- Historic Sites
“I Reckon You’re One Of Them New York Doves”
What happened when an anti—Vietnam War activist met his new client—Lyndon Johnson
November/December 2006 | Volume 57, Issue 6
lbj library/frank wolfe2006_6_56
During my two years of Army service in the early fifties I had worked for a brigadier general in Alabama as a military public relations man, a job mysteriously requiring a high-grade security clearance. Now I remembered that when I was being discharged from the Army, I had been told by a soldier in personnel that throughout my service I had been “tagged,” though never harassed, as a possible security risk. Why? Because, he said, I was a graduate of Chicago, which at the time was considered a “Commie institution” by many Illinois lawmen.
Had I also been tagged for my appearance at the National Book Awards seven years later? Yes, indeed. A friend, who had also been at Philharmonic Hall that night, years later showed me his Freedom of Information Act file, which included portions of the Times story and disapprovingly mentioned both of us.
I reached the ranch in the late afternoon, having been passed through a barrier by an agent in plain clothes, and pulled up in my rental car alongside a handsome two-story house and, I was amused to see, three identical Lincoln Continentals. I literally followed my nose into a kitchen, guided by the splendid odor of baking bread. The two bakers were a hefty, smiling black woman with a kerchief on her head and Lady Bird Johnson, who greeted me warmly as she wiped the batter off her hands. Quickly disposing of her apron, she briskly said, “Let’s go, he’s waiting for you.”
She picked one of the Continentals and drove me a mile or so, where another Lyndon Johnson appeared before me. He had shed suit and tie in favor of a cowboy outfit and was standing close to and in earnest conversation with a handsome thirtyish woman, pointedly introduced to me by Mrs. Johnson as the wife of their ranch foreman. LBJ came over to us and dryly asked me if I had decided to walk from Austin. I remember replying, in a compliment to the land he loved, that the walk would have been very beautiful.
How did I feel about the difference between my beliefs and the contents of the manuscript I’d be editing?
He was eager to show me the ranch before twilight and took Lady Bird’s place at the wheel. As she moved in beside him, I climbed into the back seat. But the car remained still for a few moments, and as we sat in silence, I began to wonder if there was a mechanical problem—until another Continental pulled up next to us. LBJ turned toward me and asked, “What’ll you have?” I realized that the two men in the car beside us were Secret Service agents acting as sommeliers. The Johnsons were already being served, and I asked for whatever my hosts were having. That indeed turned out to be bourbon.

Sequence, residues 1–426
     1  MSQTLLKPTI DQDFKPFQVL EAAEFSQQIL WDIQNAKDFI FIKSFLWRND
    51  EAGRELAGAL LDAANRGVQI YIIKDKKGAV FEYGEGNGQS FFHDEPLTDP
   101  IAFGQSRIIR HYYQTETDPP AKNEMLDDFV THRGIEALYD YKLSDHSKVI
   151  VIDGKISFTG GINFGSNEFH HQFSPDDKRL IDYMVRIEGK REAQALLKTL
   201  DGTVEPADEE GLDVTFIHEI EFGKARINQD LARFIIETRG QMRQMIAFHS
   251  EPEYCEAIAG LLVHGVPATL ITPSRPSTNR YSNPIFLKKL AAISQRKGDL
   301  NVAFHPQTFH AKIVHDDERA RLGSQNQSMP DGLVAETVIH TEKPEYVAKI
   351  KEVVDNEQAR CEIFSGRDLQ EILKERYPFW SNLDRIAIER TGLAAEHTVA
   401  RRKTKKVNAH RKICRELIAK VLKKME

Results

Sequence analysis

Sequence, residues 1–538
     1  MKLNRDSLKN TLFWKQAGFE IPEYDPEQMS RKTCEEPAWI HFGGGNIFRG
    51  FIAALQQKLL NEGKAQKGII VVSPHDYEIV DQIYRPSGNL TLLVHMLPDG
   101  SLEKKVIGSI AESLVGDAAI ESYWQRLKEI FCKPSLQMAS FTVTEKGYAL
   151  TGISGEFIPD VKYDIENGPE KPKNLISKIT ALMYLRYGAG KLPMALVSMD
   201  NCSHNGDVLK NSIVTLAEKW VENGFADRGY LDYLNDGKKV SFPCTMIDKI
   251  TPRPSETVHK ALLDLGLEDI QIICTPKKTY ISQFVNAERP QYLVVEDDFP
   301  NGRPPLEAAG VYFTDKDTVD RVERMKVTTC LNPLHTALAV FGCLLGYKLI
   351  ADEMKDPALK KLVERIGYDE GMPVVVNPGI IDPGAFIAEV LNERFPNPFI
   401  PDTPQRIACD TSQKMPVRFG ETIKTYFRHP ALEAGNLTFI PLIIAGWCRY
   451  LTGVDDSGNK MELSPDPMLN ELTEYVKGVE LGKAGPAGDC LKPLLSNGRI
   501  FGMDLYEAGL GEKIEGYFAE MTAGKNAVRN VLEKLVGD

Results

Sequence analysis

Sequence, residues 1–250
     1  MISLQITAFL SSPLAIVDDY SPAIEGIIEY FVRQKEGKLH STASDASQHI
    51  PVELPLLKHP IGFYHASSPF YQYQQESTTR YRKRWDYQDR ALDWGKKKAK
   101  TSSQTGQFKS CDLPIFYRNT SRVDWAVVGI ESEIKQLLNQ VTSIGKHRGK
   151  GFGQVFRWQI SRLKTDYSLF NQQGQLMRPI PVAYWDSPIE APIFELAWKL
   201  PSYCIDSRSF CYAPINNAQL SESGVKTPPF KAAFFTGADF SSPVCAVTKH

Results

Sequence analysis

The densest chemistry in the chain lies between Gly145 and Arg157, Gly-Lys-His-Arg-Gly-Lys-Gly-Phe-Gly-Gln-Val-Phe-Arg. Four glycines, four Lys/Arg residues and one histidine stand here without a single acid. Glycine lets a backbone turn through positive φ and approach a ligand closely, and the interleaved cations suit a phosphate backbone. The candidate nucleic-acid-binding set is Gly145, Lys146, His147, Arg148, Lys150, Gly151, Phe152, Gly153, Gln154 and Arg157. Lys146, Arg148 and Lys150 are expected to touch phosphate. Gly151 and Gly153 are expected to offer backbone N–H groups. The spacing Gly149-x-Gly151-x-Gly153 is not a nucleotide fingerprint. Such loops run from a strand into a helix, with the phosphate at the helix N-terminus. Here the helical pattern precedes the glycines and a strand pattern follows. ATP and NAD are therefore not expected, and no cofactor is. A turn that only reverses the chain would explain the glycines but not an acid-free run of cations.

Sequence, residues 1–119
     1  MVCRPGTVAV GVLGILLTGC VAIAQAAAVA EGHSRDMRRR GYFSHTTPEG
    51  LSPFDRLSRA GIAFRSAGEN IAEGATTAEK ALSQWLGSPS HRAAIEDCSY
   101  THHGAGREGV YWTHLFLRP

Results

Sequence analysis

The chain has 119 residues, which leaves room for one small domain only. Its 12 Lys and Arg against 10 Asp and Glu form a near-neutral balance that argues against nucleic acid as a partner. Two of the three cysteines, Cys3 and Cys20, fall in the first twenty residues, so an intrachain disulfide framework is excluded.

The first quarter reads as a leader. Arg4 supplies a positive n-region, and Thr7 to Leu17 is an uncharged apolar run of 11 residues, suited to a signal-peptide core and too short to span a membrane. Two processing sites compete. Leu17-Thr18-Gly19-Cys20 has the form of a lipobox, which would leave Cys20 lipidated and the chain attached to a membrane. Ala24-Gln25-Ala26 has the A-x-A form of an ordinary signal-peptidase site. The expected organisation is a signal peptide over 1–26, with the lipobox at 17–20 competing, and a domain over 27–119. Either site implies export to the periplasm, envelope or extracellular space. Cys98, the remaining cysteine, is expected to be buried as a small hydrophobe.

And so, off we went—not at 90 miles an hour but at a more or less moderate pace. We often slowed and stopped for closer looks at the African animals—kudu, impala, wildebeest, eland—gifts from this or that tropical president. LBJ was particularly proud of his ability to summon these creatures from the wilds with a variety of whistles and calls. In fact, the rapport of animal and man was extraordinary.
The Secret Service men kept pace with us as we drove through the fading daylight in the vastness of the ranch. We stopped a number of times for bourbon refills, and we got back to the house in deep dusk. Mrs. Johnson excused herself to see to dinner, but LBJ wanted to show me still more. By this time I was close to staggering with weariness and drink and the utterly unexpected events of the day. What LBJ proudly showed off—what little I could see by then—was, as he told me, a newly installed covered pool that would allow for winter swimming.
It was nearly dark by now, and I was following my host toward the house when he suddenly stopped. So did I, fortunately, as I could hear the familiar sound of an ample urination.
We entered the house, I just in time to avoid following his example.
At the table in the unpretentious dining room, I bowed my head while LBJ said grace, and a Filipino cook served pork chops and the freshly baked bread, which tasted as good as it had smelled. I remember my fear of falling asleep as Johnson quizzed me in detail about New York City politics. Then he slipped out of the room without a word, leaving me to chat with Mrs. Johnson. He soon returned, in yet another outfit, only to disappear wordlessly out the door. Mrs. Johnson said that her husband was going to the dance in town.
Lady Bird (as she now told me to call her) soon kindly showed me to a secondfloor bedroom. This room, she informed me, had been renovated six years earlier for President and Mrs. Kennedy after their visit to Dallas. “They never arrived,” she said.